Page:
The Drake equation was devised in an attempt to estimate the number of extraterrestrial alien species that could communicate with Humans. The first and more mathematical variation stated:
- where:
- N is the number of extraterrestrial civilizations in our galaxy with which we might expect to be able to communicate
- and
- R* is the rate of star formation in our galaxy
- f_{p} is the fraction of those stars which have planets
- n_{e} is average number of planets which can potentially support life per star that has planets
- f_{l} is the fraction of the above which actually go on to develop life
- f_{i} is the fraction of the above which actually go on to develop intelligent life
- f_{c} is the fraction of the above which are willing and able to communicate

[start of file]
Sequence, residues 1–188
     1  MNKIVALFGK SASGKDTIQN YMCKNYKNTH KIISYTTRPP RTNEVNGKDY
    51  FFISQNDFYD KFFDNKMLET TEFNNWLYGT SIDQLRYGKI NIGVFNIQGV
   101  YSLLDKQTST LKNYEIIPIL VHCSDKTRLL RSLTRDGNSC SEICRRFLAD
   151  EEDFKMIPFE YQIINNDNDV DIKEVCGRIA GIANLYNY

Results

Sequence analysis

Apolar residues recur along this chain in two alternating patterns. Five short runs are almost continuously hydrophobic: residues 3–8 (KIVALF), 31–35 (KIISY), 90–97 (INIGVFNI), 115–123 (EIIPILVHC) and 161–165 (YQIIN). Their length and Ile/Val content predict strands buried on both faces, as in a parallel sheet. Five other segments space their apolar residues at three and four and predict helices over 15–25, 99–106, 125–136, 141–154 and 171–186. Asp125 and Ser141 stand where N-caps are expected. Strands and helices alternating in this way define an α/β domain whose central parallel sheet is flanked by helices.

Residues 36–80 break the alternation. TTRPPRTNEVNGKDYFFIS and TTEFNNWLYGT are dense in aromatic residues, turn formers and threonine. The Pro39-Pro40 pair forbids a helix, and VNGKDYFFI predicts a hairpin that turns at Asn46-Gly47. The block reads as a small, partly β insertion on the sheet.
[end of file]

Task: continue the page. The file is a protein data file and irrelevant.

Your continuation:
- L is the expected lifetime of such a civilization
The second variation stated:
In 1996, Rain Robinson had a poster of the two variations of the equation. (VOY: "Future's End")
The Drake equation was devised by Dr. Frank Drake in 1961. It was used by Gene Roddenberry in 1964 in his pitch for Star Trek. He did not have a copy of the equation so he made up his own, which is the "second variation" from "Future's End". According to the Star Trek Encyclopedia (4th ed., vol. 1, p. 218), Drake himself visited the set one day, and even viewed Roddenberry's "second variation", before gently pointing out that a value raised to the first power is merely the value itself.